Are employers required by law to accommodate your TA activities if you join and they have no legal reason to sack you?

    Obviously some bosses will frown upon it and others not – but do you have to be working part time? Or can you join the TA with a full time job and your employer has to give you a day a week for training or whatever?

    Have heard rumours from friends and family suggesting both but nothing concrete… so some clarity would be much appreciated. *sorry to hijack thread op but this might be relevant to you too?*

    oldgit
    Member

    Some great people in the TA and these days its not an IF but a WHEN you get deployed.

    Very true. You’d be surprised at the amount of people that can’t see the connection between active service and being in the TA.
    Spent time with the Queens Infantry. And the troubles in NI were a constant reminder that the Regiment was very real and not Dads Army.
    We were trained for a conventional war in Europe. At the time no one could have seen the former Yugoslavia kicking off, but that’s where they ended up. So be prepared.

    AFAIK your company has to honour your time, a sympathetic boss really helps though. Mine was ex RAF and was very supportive.

    Premier Icon ratherbeintobago
    Subscriber

    Are employers required by law to accommodate your TA activities if you join and they have no legal reason to sack you?

    Obviously some bosses will frown upon it and others not – but do you have to be working part time? Or can you join the TA with a full time job and your employer has to give you a day a week for training or whatever?

    The overwhelming majority of the people in the reserve forces have full time jobs; most of the training is done in drill evenings/weekends, so it’s not a matter of ‘a day a week’. Some employers give you extra leave for your two weeks annual camp or equivalent (some even pay you for it) as mine does, but some don’t.

    When I joined (>1 VRSM but <1+bar ago) you didn’t have to tell your employer that you were in the Reserve if you didn’t wish to, but also the last time volunteer reservists (as opposed to regular reservists) had been compulsorily mobilised was in 1950 for Korea. Both of these things have changed. There is no legal obligation on an employer to have reservists, and indeed some will actively discourage you from joining (IIRC GMP/GMFRS have a quota and if the quota is full they will not allow you to join).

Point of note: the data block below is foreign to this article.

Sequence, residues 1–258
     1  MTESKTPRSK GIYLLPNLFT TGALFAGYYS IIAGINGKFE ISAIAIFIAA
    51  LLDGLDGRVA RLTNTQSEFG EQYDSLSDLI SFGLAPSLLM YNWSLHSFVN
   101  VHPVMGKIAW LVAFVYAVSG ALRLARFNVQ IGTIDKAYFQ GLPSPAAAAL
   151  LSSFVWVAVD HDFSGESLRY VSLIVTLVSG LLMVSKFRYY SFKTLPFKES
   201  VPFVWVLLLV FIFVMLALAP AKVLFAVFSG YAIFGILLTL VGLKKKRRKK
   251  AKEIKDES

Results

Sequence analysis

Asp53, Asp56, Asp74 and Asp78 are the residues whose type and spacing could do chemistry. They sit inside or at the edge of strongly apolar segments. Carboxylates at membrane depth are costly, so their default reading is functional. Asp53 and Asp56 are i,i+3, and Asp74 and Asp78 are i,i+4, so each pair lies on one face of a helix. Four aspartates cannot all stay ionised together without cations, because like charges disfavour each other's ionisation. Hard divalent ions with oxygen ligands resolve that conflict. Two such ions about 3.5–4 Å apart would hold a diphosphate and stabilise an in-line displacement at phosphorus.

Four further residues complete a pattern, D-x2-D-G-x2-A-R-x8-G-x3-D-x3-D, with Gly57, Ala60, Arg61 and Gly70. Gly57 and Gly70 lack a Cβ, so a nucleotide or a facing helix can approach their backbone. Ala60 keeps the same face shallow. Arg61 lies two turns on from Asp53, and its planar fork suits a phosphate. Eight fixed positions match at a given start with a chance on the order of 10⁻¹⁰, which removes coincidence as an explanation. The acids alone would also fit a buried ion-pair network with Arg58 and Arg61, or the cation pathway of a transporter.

In terms of job protection, Reserve Forces Act ’96 mandates that you must be re-employed in an equivalent post post-demobilisation if you are compulsorily mobilised. How robust this is in a court of law, I don’t know. Also not sure about the five-year minimum term in the RAuxAF; AFAIK RFA96 allows you to resign with no notice (as, for various complicated legal reasons related to lack of pension etc, volunteer reservists are classed as casual labour).

    Andy

    lister11
    Member

    Also not sure about the five-year minimum term in the RAuxAF; AFAIK RFA96 allows you to resign with no notice (as, for various complicated legal reasons related to lack of pension etc, volunteer reservists are classed as casual labour).

    Hmmm, this sounds like something I need to look at further – just a touch difficult to get a firm 100% answer from recruiters etc when asking more obscure questions.

    For the thread hijacker……the SABRE website has alot of useful employer info.

    My employer allows an extra week annual leave and a week unpaid for the 2 week training per year. We also have a large full time military staff number working as Drs etc so the trust are fully behind it.